After two disappointing years at UAE Team Emirates, Ben Swift will be back in familiar colours at Team Sky next season. The Yorkshire rider has no regrets over his decision to leave the British team in 2017 but admits that he had no hesitation when he was offered the chance to return on a one-year deal for 2019.
Swift departed Team Sky for UAE Team Emirates in the hope of proving himself as a team leader. He had enjoyed success at Team Sky but the demand for stage racing wins and the flurry of week-long and Grand Tour leaders meant that a one-day specialist and sprinter like himself was presented with few opportunities.
When UAE Team Emirates - a first-year team at the time - came knocking it was a case of now or never for the then 29-year-old. He signed a two-year deal towards the end of 2016 but a string of injuries, the language barrier and the new surroundings ensured that Swift struggled during his tenure on the new-look team. By the end of the current campaign it was clear that UAE Team Emirates were unwilling to extend his contract, and with few results to speak of, Swift was forced to evaluate his future. Somewhat luckily, Team Sky stepped forward.
"Everyone knows why I left Team Sky. There was a reason why I left and why I needed to try," Swift told Cyclingnews from his UK home.
"I was at a point in my career where I needed to see what was out there and if I could be better. For one reason or another it didn't work out, but fortunately I'm able to go back to Team Sky and be with a lot of guys that I know."
"I don't regret leaving Team Sky. I would have regretted it if I hadn't left because I wouldn't have known what was out there or what my ability would have been. The whole reason I left was to give myself opportunities but I am where I am, and luckily I'm back at Team Sky. I want to try and get to the level I was at before."
Slotting into a team role
While Team Sky were willing to offer Swift a reprieve, the harsh reality is that the same problems that urged Swift to leave in the first place are still present. In fact, they're possibly more acute than ever given that the British have found the formula to win Monuments, while their GC roster looks as stacked as ever.
However, Swift is willing to slip back into his old role of working for others and picking up his chances as and when they appear.
"Throughout my career I've tried to win races and I've always tried to be the best I can be, and that won't change, but I'll slot into that role where I'm happy to work for guys," he says.
There's no shame in that approach. After all it lead to two podium spots in Milan-San Remo and a dozen wins across races such as Pais Vasco, Tour Down Under and the Tour de Romandie. After struggling for two seasons and being on the fringes, Swift is simply grateful to be back in familiar surroundings.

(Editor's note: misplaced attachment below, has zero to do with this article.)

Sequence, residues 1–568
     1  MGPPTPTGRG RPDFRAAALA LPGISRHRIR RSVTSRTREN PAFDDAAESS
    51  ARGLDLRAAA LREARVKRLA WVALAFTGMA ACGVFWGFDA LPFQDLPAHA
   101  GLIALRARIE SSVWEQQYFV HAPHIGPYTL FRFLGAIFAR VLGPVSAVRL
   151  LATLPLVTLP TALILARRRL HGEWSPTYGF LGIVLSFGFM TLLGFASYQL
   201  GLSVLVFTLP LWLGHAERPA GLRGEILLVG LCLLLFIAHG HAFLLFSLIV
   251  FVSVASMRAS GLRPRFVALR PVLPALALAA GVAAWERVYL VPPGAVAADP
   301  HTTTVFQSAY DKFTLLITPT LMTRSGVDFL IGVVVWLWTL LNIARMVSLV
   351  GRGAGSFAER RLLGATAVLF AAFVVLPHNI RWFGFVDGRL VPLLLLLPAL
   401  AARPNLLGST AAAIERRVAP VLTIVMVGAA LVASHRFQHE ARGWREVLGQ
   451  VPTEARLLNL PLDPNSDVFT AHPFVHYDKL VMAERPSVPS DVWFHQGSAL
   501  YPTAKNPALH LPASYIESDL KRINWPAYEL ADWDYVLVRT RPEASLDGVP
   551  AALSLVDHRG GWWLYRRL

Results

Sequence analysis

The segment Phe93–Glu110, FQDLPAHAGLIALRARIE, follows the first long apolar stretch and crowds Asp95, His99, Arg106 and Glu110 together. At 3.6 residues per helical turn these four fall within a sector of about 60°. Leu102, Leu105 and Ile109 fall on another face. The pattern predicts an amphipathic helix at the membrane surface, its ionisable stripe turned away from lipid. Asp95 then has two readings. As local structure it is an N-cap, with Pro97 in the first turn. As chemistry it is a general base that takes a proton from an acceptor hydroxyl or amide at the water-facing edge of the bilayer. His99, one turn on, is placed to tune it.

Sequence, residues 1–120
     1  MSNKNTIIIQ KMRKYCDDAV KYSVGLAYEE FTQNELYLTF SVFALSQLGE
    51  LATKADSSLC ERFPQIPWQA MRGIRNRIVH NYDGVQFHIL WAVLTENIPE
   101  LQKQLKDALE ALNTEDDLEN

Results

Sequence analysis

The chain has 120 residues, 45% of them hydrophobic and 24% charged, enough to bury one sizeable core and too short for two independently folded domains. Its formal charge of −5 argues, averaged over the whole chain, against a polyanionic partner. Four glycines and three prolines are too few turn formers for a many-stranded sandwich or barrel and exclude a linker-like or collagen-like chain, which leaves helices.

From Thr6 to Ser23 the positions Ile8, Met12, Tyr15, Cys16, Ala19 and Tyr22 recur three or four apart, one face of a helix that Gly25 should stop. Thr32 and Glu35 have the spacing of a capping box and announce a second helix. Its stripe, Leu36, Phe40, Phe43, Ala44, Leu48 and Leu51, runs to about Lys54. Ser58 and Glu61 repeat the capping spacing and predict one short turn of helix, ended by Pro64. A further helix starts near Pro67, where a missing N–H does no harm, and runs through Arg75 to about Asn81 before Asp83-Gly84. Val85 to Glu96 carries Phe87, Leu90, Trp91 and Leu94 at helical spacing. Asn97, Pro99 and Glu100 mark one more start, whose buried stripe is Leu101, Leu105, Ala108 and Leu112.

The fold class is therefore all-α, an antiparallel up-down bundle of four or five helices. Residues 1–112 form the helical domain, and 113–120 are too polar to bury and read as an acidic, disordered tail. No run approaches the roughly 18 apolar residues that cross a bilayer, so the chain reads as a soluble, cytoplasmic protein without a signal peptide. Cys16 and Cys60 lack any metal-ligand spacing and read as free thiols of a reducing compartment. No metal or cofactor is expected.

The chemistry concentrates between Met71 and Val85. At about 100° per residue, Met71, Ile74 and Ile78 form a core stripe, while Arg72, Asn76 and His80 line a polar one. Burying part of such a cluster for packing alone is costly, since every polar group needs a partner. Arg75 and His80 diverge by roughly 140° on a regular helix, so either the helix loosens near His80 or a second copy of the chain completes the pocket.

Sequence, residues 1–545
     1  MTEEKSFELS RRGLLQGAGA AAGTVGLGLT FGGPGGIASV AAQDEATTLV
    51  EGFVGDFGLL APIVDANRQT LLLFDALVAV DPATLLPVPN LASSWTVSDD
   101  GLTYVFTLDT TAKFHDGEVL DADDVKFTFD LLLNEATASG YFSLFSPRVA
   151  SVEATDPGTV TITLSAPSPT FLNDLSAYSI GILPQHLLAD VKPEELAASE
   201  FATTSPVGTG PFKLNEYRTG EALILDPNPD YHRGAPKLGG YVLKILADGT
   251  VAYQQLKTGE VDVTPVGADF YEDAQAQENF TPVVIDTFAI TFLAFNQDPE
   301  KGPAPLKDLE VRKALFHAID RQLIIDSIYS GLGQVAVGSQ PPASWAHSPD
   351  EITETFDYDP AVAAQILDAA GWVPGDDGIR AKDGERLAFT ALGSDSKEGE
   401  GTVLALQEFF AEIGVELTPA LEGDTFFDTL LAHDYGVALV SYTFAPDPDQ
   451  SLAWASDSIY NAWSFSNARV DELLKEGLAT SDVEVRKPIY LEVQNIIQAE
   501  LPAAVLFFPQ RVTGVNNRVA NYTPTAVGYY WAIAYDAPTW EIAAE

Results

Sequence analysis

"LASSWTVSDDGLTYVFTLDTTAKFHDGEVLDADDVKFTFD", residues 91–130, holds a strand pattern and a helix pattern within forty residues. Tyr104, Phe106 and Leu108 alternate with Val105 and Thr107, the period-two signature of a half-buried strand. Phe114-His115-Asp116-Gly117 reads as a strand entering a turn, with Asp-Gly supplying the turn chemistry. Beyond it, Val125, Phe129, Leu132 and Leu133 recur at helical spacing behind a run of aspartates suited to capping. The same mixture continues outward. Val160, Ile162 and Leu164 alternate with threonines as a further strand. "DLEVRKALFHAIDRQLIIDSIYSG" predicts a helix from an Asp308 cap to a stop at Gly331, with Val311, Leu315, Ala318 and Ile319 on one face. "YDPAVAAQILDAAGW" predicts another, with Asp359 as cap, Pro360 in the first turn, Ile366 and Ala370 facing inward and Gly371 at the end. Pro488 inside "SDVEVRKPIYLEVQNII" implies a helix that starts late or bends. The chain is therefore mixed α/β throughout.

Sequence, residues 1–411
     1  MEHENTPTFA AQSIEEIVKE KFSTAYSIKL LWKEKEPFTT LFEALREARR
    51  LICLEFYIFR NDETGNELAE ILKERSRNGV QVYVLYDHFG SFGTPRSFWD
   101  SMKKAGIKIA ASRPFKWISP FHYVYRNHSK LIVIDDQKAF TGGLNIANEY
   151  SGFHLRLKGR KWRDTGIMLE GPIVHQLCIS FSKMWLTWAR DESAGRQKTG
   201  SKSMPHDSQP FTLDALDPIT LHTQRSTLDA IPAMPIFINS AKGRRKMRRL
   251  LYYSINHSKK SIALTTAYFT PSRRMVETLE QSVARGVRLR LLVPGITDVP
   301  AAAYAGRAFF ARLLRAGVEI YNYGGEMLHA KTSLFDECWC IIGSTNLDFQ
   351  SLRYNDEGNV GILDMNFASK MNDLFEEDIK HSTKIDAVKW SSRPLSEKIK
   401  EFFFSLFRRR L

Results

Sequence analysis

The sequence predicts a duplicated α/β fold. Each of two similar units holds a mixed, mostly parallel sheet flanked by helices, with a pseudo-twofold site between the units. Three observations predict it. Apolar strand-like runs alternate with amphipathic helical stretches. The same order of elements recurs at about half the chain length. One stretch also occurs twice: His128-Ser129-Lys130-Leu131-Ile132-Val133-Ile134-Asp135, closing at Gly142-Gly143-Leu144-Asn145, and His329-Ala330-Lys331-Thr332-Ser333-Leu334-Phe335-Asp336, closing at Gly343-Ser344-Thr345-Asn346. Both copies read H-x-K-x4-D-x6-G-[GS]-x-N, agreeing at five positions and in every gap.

"Deep down Team Sky was the place I wanted to be. People joke around and say I'm Team Sky through and through but for me that's the way I ride, and the attention to detail. I like that way of riding and training. I missed it while I was away, even though I enjoyed my time away. Hopefully, I'll slot back into my role but I've got my work cut out for me."
"I think I underestimated how important the background staff and team unity was. You can't really replicate that, and a lot of us had grown up together on the track and then at Team Sky. Maybe I made some mistakes in pushing too much and wanting it too much. I can have real confidence now in the background staff, whereas before I was trying to do everything. I'm looking forward to being a coach-led rider. I tried something, I tried to take more responsibility, but it just didn't work out."
"I'm actually better when I'm in more of a support role, and then taking those opportunities when they come. I wouldn't say the pressure got to me at UAE but it's just that with the way we work at Team Sky, I'm just in the best position possible. I accept that, and my place in cycling now, and I'll take those opportunities when they come my way."
Rider race programmes at Team Sky have yet to be defined, and made public, but the team will enjoy their first winter get-together on the island of Mallorca in the next couple of weeks. The camp will be Swift's first return to the team in two seasons and he's already looking to hit the ground running.
"I'll give the Opening Weekend a good go because that fits with a potential programme that I want to do," he suggested.
"And then we'll make a decision after that with regards to the rest of the cobbled Classics. We've got a strong team so my role would probably be based around the first half of the finales. We could decide after the Opening Weekend that I aim towards something else."